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Thursday, January 31, 2013

For the Birds

We read a support book today called No Two Alike by Keith Baker. It goes along with our focus book Bear Snores On by Karma Wilson and continues our discussion of what animals do in the winter. The kids have seen some squirrels and birds out on our playground and one child asked "what do they eat if they are not hibernating?" Good question! Since there is not much for them to eat right now we thought we would feed them! So this week we filled the sensory table with birdseed. We made seed pockets (see directions below) and put them in the sensory table as well.  We charged the kids with the task of filling the seed pockets with the birdseed so we could hang them outside on the playground for the squirrels and birds to eat.This was a great fine motor activity and the kids are excited for the weather to get warm enough for us to have outdoor recess so we can hang them up!

Directions to make seed pockets:
Cut rectangle pieces of felt or other durable fabric
Hot glue the sides of the rectangles
Fold fabric over to secure the pocket with the glue
Punch a hole in the top of the seed pocket
Add a pipe cleaner or string to hang with.  
Have kids fill the pockets with birdseed and voila! - 
a feast for the squirrels and birds! Get those binoculars ready!

Here are some of our favorite books about hibernation. 
Click on the book to purchase from Amazon!

Wednesday, January 30, 2013

May The Force Be With You!

In science at the Kindergarten this month we are learning about "things that move." Last week we learned about force. We read Forces Make Things Move by Kimberly Brubaker. After we read the book we did a little experiment on the rug. We sat in the circle and rolled a tennis ball to each other. They observed what happened when more or less force was placed on the ball. Then we showed that force makes things travel straight unless another force changes its path (one child would poke the ball as it rolled by!)
This week we started learning about gravity. We read Gravity is a Mystery by Franklyn Mansfield. We had  learned about the Earth, Moon and Sun back in November so we had touched on the topic then. Since gravity truly is a mystery and kind of an intangible topic, I wanted to do a hands-on experiment that was fun as well as demonstrated gravity. So I went down to the pool and got all the foam pool noodles from the summer out of storage. I cut them in half longways and explained to the kids that we were going to make a marble run out of the pool noodles. With the help of a little colored duct tape, we taped all the pieces of the noodle together to make one long piece. I asked what gravity would do to the marble and they said "make it go down."

Then we set out to prove our hypothesis! They wanted the marble run to start up high so we taped one end to the wall. From there they twisted and turned the noodle to make it into the desired marble run. They brought in chairs for support and to make tunnels for the marble run to go through.We would test the creation and make adjustments once we saw where the marble ran off the track. They made changes and we tried again! Everyone was very excited about the marble run and wanted to keep trying to get the marble to go all the way to the end. We didn't get there today, but the kids were so excited they asked if we could leave the noodles out for free play so they could continue to try new  formations. The science experiment that keeps on giving! I love it!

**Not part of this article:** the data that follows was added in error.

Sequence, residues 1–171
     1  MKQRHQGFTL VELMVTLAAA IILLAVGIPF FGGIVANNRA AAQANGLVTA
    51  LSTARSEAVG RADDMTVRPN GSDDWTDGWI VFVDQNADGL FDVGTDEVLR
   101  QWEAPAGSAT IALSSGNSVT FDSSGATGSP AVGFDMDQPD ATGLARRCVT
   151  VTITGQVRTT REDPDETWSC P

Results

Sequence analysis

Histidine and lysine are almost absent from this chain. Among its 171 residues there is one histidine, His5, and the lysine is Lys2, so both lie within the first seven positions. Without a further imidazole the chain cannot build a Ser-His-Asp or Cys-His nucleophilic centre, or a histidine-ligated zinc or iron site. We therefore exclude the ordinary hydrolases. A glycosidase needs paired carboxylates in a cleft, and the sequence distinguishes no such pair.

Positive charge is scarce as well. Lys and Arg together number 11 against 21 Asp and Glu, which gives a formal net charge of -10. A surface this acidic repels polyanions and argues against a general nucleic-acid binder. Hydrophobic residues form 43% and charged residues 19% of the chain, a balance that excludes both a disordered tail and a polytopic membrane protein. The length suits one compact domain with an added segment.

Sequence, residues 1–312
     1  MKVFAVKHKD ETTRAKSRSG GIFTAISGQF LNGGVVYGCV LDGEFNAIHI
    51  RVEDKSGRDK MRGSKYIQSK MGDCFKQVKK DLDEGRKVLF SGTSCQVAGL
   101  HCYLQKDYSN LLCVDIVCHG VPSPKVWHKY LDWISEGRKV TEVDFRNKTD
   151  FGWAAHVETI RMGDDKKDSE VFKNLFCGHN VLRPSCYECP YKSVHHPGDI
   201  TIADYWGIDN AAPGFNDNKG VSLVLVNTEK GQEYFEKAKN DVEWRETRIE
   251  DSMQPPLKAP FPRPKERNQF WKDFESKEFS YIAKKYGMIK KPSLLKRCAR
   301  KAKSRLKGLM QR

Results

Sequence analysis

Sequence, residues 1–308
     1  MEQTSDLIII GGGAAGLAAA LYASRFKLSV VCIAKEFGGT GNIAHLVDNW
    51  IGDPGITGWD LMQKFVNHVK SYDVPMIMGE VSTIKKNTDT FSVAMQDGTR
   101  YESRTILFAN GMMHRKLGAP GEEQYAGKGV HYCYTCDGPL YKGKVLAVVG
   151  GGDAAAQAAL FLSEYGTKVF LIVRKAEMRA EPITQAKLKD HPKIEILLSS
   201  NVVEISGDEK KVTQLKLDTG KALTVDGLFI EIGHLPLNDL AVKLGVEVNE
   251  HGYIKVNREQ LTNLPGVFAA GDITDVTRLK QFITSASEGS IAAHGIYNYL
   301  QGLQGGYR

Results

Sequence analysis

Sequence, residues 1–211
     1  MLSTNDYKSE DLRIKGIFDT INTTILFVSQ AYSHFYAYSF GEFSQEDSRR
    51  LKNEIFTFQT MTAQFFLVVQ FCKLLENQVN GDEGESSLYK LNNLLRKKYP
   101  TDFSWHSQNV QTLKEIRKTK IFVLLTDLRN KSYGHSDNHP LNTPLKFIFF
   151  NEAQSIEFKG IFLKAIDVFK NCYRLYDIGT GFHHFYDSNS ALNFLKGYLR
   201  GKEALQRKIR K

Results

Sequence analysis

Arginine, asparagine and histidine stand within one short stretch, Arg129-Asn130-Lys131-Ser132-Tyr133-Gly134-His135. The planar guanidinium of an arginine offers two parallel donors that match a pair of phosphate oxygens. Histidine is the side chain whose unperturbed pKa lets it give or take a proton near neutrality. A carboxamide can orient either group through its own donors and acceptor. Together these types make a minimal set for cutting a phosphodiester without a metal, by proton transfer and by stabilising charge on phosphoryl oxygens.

Here are some fun books about things that move! Click on the book to purchase from Amazon.

Tuesday, January 29, 2013

We LOVE Snowmen!

Today in my art class at the Kindergarten, we read Sneezy the Snowman by Maureen Wright. This is a cute little story with repeating verse so the kids helped me read the repeating parts after a few pages! This led up to our 3D snowman project!
First, I combined shaving cream with regular school glue. Be sure to get the Lemon/Lime scented shaving cream - it actually smells quite good!
Then I put three globs of the mixture on each child's paper. We used very thick watercolor paper so it would hold all the goodies we were about to put on the paper!
The kids used their paintbrushes to paint the shaving cream/glue mixture into the desired shaped snowman.
Then I put bowls of buttons, foam shapes, pom poms and craft sticks on the table for them to use as embellishments for their snowmen.
As you can imagine, no two snowmen were remotely the same! We had fat, skinny, short and tall snowmen. I didn't give them any direction, just let them create as they see fit!
Some kids put just a few things on their snowmen and others practically covered the entire snowman! Since the "snow" mixture has glue in it, they could just press the decorations directly into the snowman and they stuck. No extra glue needed! As long as the kids didn't spread the snow mixture too thin, the snowmen stayed puffy even when dry!
This week I will be bringing these fabulous creations to the Wenham Museum to be displayed in the children's gallery for the month of February! Each child also receives complimentary admission for them and their family to go and view their artwork! We have a vacation week in February so it will be the perfect time to go and check out the museum!

Here are some of the finished snowmen:

Sneezy the Snowman and other fun snowmen books (click on picture to purchase from Amazon):